Juan Cole: The Map: More background on the map series that Andrew Sullivan cited, linked to yesterday. (Sullivan originally cited Cole.) There are two basic ways to approach the Israel/Palestine conflict. One is to work your way through the history. The other is to screw the history and just look at the current situation. The latter is much simpler and much more clear cut, which is probably why we spend so much time arguing about history. Actually, the history is pretty clear cut too. From early on the Zionists intended to take over as much Palestinian land as possible, eventually erecting a Jewish State -- that was, after all, the title of Theodor Herzl's clarion book -- and drive the Palestinians out or reduce them to "an utterly defeated people." That the Zionists have come so close is an achievement rooted in remarkable discipline and steadfastness, but also in a number of fortuitous turns of history: the Balfour Declaration and the early British administration gave them a strong imperialist sponsor; the Russian Revolution helped separate Jewish nationalists out from both religious and internationalist Jews; the closing of US emigration in 1923 severely reduced options for Jewish emigrés; the rise of Nazism triggered a substantial wave of German Jewish emigrants; WWII and the Holocaust destroyed the fabric of Jewish social life, especially in eastern Europe, and produced a backlash of sympathy the Zionists could (and did) exploit; the Palestinian independence movement was decimated by the British in suppressing the 1937-39 revolt, and neighboring Arab countries were likewise under more/less tight British/French control until well after Israel's 1948 "War of Independence"; Israel was able to parlay a series of foreign sponsors -- the Soviet Union, France, then the United States -- to build up massive military superiority, including nuclear weapons. Going into 1948 Jews were outnumbered 70-30 in Palestine, yet they managed to more than reverse those demographics through a combination of ethnic cleansing and deals to cede limited territories to Transjordan and Egypt. Nonetheless, they were unable to reconcile their quest for land with their loathing of non-Jews in their midst, nor were they finally able to break the Palestinians.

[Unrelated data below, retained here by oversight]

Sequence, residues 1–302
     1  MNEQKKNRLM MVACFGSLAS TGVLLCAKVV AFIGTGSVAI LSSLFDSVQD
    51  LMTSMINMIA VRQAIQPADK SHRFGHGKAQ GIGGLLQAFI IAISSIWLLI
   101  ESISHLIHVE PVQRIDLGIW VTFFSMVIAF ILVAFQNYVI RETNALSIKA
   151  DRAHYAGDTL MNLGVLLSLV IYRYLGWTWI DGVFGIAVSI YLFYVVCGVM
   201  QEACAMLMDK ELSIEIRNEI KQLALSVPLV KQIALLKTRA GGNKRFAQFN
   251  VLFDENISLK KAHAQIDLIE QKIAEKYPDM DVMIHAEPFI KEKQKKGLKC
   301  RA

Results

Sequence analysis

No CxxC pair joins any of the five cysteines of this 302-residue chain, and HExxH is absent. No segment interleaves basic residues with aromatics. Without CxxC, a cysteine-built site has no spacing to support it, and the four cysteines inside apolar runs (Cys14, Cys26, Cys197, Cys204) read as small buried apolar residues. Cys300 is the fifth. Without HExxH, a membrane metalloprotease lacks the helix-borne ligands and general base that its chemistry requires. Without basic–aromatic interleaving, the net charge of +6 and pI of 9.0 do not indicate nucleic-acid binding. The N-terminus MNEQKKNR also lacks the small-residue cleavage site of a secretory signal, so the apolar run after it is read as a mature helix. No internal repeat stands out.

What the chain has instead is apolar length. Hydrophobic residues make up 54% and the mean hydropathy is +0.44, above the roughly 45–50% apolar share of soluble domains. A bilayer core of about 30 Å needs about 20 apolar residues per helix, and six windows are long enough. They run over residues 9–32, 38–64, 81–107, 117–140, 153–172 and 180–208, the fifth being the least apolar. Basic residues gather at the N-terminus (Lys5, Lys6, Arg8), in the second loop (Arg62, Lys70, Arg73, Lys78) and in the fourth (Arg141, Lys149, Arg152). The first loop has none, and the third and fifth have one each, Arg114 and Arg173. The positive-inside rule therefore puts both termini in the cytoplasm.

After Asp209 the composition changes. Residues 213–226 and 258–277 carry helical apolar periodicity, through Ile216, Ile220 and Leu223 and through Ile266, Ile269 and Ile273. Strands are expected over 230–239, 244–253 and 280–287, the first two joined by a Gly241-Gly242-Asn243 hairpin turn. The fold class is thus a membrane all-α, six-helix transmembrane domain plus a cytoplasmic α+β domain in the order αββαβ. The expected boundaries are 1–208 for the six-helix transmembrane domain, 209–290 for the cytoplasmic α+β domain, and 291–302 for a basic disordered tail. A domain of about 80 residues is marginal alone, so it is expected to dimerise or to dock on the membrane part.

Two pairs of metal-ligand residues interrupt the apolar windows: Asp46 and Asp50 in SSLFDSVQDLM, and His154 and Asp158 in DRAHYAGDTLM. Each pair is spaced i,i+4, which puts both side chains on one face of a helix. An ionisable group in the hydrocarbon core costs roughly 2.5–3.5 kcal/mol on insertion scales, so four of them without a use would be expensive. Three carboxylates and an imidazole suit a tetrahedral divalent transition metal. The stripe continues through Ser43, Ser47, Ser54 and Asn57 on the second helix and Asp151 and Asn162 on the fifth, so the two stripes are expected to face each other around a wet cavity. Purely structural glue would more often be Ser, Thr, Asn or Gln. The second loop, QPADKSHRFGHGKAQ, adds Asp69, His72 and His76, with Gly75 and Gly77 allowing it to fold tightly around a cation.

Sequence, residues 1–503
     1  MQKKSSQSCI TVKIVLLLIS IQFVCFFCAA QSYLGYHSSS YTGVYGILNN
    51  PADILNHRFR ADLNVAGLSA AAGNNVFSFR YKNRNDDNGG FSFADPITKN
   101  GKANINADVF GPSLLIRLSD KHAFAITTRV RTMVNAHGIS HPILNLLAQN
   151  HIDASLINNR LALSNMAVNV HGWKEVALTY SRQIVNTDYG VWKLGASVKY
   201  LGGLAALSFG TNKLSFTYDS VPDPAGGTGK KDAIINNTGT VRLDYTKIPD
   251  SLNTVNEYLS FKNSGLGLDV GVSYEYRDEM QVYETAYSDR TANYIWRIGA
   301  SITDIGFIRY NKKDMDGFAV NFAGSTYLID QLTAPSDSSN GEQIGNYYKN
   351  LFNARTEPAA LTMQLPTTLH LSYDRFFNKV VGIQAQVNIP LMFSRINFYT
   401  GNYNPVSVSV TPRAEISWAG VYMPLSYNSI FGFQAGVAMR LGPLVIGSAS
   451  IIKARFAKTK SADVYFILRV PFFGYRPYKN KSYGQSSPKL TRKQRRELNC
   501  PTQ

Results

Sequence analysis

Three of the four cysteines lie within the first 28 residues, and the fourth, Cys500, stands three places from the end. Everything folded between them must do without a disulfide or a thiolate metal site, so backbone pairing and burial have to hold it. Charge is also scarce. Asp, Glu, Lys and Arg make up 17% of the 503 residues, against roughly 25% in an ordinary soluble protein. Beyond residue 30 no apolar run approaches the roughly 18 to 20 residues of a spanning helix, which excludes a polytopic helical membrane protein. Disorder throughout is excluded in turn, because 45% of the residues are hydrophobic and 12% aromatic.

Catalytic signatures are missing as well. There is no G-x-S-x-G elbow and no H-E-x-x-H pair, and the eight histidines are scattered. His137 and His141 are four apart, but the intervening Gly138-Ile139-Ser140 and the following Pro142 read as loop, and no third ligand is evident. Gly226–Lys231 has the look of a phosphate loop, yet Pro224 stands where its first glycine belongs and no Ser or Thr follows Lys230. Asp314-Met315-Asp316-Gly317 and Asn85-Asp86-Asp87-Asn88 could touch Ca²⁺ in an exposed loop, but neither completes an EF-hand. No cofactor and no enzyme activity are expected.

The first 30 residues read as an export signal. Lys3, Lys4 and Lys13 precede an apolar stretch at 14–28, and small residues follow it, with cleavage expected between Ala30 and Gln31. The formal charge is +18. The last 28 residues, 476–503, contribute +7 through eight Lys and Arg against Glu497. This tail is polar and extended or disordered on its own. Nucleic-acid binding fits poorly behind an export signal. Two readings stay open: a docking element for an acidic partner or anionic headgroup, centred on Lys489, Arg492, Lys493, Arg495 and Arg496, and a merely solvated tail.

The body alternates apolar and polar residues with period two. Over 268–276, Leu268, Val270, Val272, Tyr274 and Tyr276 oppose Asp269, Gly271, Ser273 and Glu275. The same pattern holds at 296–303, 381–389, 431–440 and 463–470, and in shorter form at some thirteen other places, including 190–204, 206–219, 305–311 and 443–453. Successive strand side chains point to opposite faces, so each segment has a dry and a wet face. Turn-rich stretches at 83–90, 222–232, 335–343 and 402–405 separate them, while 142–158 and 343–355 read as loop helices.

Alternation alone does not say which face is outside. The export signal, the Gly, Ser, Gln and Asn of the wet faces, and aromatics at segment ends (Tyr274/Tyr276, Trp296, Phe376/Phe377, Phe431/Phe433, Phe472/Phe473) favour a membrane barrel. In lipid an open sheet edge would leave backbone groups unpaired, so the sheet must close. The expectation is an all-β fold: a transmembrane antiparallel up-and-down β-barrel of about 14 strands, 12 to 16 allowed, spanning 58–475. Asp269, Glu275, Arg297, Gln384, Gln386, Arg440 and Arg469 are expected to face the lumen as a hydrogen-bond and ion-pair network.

That history leaves us with the current stalemate: a vastly inequal situation where Jewish dominance exposes the utter moral bankruptcy at the root of the whole project. For how that has worked out, skip past the history and look at the current status: who is entitled to do basic things, like travel or build a house or run a business, and who isn't; who is likely to get thrown in jail or assassinated, and who isn't; who is free to vote, has access to the courts for redress of grievances, can demonstrate, and who cannot; who benefits from the social services provided by the state, and who is excluded. There is no justification these days for one group lording it over another group -- not even history excuses such inhumanity.